The plate is from a remarkable manual that collects images and lessons learned from a variety of American small arms: TM 9-2210 Small Arms Accidents, Malfunctions & Causes, dated 1942. A digitized version is available from

The weapons are those that were common in US service in the years before the manual’s date: Springfields, the 1917 Enfield, the Browning machine guns, the 1911.45 caliber pistol, and the 1917 .45 caliber revolver. The M1 rifle is notable for its absence, six years after its original acceptance. (Perhaps GI’s hadn’t kB!’d enough of them yet).

Apart from the .30 caliber weapons, whose 7.62 x 63mm chambering was a comfortable fit — at least, until fired — for the 7.92 x 57 round, you couldn’t blow these guns up by putting the wrong ammo in. You needed to use proof rounds (which shouldn’t ever pass into troop hands) or bad ammo. Here’s an illustration of some Springfield barrels that were fired with bore obstructions.

Springfield Rifle Obstructed Barrels

The original text explains what each bore obstruction was, but the file is missing a significant number of pages, and so does not. Obstructions can include cleaning rods or materials, grease (as in Cosmoline for storage), or a previously-fired bullet from a squib round. (See the bullet seized in the barrel, third barrel from the top).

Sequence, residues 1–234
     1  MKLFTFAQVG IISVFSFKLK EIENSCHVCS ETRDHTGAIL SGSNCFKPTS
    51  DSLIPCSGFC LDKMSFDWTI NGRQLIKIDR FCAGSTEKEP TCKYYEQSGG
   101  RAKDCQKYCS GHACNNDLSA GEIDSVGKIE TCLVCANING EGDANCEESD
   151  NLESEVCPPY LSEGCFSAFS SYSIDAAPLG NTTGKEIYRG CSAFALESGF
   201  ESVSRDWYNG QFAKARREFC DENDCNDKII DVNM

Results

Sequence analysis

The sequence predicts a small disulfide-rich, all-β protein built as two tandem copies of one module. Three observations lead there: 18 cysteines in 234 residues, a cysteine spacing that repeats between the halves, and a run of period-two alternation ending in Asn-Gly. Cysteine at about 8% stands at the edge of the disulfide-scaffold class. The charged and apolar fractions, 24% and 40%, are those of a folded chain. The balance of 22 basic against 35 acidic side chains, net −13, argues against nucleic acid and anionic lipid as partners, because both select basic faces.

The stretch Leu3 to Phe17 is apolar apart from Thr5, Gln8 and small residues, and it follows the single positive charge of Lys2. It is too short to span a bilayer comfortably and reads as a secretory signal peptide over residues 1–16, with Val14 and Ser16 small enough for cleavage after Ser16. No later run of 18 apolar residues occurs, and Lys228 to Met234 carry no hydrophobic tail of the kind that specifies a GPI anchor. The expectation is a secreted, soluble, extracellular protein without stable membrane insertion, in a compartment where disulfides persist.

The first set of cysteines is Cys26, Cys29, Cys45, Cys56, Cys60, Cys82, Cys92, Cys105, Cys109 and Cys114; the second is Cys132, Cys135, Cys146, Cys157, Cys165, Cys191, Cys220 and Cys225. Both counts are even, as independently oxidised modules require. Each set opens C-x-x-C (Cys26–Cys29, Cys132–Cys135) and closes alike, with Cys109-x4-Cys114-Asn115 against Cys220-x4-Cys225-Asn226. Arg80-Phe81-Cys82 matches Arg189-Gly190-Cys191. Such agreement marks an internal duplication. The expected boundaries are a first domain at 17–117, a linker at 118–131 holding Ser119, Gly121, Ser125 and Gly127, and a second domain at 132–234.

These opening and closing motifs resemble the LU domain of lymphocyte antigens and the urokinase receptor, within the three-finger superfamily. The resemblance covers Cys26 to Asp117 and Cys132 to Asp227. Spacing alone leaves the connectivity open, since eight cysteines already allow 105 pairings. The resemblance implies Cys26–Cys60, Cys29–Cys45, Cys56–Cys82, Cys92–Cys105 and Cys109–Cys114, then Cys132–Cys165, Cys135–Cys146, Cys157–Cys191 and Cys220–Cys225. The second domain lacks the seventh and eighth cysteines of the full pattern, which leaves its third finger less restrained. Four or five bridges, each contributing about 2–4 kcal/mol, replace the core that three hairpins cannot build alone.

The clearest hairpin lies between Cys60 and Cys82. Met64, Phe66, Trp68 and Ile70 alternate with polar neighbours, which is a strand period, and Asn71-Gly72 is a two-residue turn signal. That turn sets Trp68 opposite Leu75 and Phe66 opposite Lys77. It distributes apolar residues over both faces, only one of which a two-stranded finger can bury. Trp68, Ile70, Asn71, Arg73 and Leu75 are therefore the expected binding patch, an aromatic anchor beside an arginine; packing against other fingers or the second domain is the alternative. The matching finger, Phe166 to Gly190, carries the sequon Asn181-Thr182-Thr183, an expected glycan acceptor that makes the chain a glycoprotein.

Even the oversized S-Patrone might only have cause a bulged barrel, if it were a conventional jacketed lead bullet. If it was the late-war jacketed steel bullet, the pressure wasn’t going to be sufficient to swage it down — and the receiver and barrel wasn’t going to suffice for retaining  the barrel.

In addition to user-operation problems, the Springfield Rifle was also plagued by manufacturing deficiencies. The manual contains a number of illustrations of barrels and rifles destroyed by faulty manufacturing, particularly excessive temperatures (in manufacturing).

Springfield Overtemp Barrels

The manual advises the would-be investigator that a key indicator of this type of failure is that the barrel has burst whilst the cartridge case does not show such markers of overpressure as a bulged case, blown primer, or separated case head. If the case appears normal in all respects, chances are good the round made normal pressure, and the gun failed for some other reason, probably metallurgical.

 Cracked rifle barrel -- bad metallurgy